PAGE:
Sensory Systems/Computer Models/Simulation of Tinnitus Development
- 1 Computational model of tinnitus-related hyperactivity development through homeostatic plasticity after hearing loss
- 1.1 Tinnitus
- 1.2 Physiological background of computational model
- 1.3 Computational model
- 1.3.1 Distribution of environmental sound intensities
- 1.3.2 Auditory nerve firing rates
- 1.3.3 Effects of cochlear damage on auditory nerve population firing rates
- 1.3.4 Cochlear nucleus firing rates
- 1.3.5 Homeostatic plasticity and tinnitus-related hyperactivity generation
- 1.3.6 Tinnitus therapy
- 1.4 Final remarks
- 1.5 References:
Due to the great progress in science and technology, one might fall into belief that humanity can provide a cure to any (health) problem we might face. However, the human body is a complex system, and in many cases - especially in cases of sensory and nervous system - the damage done to the body cannot be undone. One of prominent examples of this is our hearing: since detection of sound depends on displacement of tiny hair cells (stereocilia) which human body cannot regenerate, damage to the hair cells and thus the hearing loss is permanent once it happens. Besides the imminent hearing loss however, damage to the hearing can lead to development of other pathologies, and one of these is "ringing in the ears" or tinnitus – a condition in which a person hears a sound without any external sound source actually being present.
Tinnitus is a widespread otologic condition and is experienced by approximately 10% of population in the world  , with the phantom sound being similar to constant pure-tone ringing, roaring, hiss and even music-like tunes, and the sound intensity ranging from quiet background noise to a very loud sound . For most of the patients tinnitus does not significantly affect quality of life, but for ca. 1% of patients it causes severe problems, including depression, anxiety, lack of concentration and disturbed sleep cycle – all due to the inability to perceive silence, and the (psychological) difficulties in coping with this fact.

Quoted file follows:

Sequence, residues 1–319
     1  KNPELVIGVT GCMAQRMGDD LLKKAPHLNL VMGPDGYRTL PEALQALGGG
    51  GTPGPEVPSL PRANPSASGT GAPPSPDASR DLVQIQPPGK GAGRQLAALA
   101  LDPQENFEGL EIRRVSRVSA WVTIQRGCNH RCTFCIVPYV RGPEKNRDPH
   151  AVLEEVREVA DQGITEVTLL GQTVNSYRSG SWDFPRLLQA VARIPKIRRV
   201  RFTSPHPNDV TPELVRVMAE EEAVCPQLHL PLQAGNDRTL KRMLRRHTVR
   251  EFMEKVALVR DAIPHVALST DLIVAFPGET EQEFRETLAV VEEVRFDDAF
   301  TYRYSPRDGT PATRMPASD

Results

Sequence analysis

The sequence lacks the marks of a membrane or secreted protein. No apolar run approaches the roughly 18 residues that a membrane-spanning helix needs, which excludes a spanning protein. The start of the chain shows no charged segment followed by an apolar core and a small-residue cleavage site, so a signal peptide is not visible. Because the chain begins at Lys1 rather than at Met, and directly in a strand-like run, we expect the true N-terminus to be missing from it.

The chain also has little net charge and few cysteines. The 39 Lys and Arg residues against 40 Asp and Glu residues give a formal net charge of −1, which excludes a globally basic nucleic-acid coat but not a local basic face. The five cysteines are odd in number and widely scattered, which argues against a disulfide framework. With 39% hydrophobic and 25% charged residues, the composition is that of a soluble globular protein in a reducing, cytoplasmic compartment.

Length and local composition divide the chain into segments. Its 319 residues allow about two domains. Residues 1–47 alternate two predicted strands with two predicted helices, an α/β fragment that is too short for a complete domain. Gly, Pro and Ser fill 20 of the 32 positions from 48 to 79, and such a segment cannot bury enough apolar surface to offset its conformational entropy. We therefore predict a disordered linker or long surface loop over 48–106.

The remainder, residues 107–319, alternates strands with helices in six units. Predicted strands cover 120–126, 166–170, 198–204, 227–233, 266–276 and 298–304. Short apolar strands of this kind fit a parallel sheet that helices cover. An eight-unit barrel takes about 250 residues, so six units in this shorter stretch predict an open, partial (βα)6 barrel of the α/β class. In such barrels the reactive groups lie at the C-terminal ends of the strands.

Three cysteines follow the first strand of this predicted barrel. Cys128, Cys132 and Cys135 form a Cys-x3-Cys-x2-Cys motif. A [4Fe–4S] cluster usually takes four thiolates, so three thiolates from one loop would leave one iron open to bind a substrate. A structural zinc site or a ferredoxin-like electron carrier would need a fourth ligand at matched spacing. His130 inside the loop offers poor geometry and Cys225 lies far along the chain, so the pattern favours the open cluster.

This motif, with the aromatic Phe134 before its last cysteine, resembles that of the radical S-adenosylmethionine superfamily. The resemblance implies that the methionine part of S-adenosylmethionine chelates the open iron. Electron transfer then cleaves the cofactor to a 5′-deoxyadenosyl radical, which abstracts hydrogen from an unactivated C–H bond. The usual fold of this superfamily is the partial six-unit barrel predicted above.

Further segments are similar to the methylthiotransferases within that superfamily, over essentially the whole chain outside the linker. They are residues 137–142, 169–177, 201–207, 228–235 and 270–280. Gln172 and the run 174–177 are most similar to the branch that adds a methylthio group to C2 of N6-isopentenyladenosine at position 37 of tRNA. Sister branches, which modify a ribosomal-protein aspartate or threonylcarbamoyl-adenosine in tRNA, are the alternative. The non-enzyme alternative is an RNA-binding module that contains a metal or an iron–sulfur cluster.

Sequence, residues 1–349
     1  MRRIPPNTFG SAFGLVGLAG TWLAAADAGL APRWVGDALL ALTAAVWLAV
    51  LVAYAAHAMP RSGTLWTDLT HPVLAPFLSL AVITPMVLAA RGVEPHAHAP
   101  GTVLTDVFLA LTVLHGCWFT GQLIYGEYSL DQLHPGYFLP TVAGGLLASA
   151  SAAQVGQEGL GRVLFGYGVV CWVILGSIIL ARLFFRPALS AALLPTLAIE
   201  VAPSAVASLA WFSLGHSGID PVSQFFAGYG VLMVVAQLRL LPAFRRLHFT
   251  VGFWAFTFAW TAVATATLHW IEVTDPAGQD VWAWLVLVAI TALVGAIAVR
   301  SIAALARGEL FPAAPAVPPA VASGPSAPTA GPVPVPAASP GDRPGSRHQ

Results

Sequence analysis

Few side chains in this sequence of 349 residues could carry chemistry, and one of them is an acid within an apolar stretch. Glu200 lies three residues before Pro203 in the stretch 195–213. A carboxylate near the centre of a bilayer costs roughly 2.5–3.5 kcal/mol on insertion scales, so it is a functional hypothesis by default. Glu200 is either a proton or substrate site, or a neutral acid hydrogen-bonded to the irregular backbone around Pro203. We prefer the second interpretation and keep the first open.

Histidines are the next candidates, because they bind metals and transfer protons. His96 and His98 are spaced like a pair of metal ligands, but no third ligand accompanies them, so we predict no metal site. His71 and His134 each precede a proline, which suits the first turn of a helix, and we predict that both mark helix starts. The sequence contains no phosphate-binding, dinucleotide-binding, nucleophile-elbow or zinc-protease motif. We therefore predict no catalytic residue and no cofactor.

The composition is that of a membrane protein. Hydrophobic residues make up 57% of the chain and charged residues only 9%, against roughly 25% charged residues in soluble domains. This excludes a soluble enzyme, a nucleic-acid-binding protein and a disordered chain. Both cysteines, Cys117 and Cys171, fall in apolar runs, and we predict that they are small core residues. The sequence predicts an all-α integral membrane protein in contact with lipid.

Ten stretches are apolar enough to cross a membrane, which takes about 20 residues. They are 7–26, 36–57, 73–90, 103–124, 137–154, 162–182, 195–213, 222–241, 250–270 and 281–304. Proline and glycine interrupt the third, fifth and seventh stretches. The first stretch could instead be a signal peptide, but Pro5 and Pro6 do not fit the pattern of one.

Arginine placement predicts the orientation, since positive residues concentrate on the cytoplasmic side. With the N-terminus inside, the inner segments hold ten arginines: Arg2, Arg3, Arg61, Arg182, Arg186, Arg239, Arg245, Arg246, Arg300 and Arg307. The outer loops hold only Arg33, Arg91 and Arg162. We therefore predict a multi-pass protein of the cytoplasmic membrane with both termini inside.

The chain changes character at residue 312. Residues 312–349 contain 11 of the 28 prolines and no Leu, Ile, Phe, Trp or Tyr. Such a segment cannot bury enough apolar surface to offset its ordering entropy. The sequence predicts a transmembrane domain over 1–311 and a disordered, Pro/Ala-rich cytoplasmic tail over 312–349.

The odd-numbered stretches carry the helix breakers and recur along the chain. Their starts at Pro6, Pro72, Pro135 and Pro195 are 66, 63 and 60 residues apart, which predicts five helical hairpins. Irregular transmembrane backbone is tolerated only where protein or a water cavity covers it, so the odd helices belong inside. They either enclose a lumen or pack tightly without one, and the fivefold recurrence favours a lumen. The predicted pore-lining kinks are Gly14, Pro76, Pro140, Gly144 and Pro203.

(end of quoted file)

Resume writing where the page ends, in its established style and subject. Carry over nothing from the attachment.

Generally, tinnitus is characterized as either subjective or objective – with the objective tinnitus being detectable by another person as a sound coming from the ear canal, while the subjective tinnitus is imperceptible to everyone except to the patient and is not linked to any movement in the basilar membrane, that is, there is no real sound input to the auditory nerves in this case [1,2]. In both cases, tinnitus represents a symptom of other underlying conditions and not a disease itself: objective tinnitus can be caused for example by vascular or muscular pathologies or increased awareness of blood flow in the ear (pulsatile tinnitus), while the subjective tinnitus can be caused by noise-induced hearing loss, head injuries, or it can be a side effect of certain medications . The exact mechanisms leading to tinnitus development are still being researched, especially in the case of subjective tinnitus, and below we shall present one possible mechanism leading to development of subjective tinnitus after hearing loss, which is believed to be its most common cause (though patients without any obvious hearing loss can also experience tinnitus) .
As with any health condition which can cause a noticeable change in one´s life (albeit a small one for most) an effective therapy for tinnitus is highly sought for, and the currently administered therapies are „talk therapies" and counseling to help patients deal with the anxiety caused by tinnitus, fitting a hearing aid and using sound maskers (white-noise sources which mask tinnitus sound while used) . Quite recently, new tinnitus therapies have been made available  (for a high price tag ), and through a simple computational model of tinnitus-related hyperactivity development we shall explore one possible mechanism behind the functioning of tinnitus therapies (other mechanicsm such as pathological activity synchronisation are to be covered later).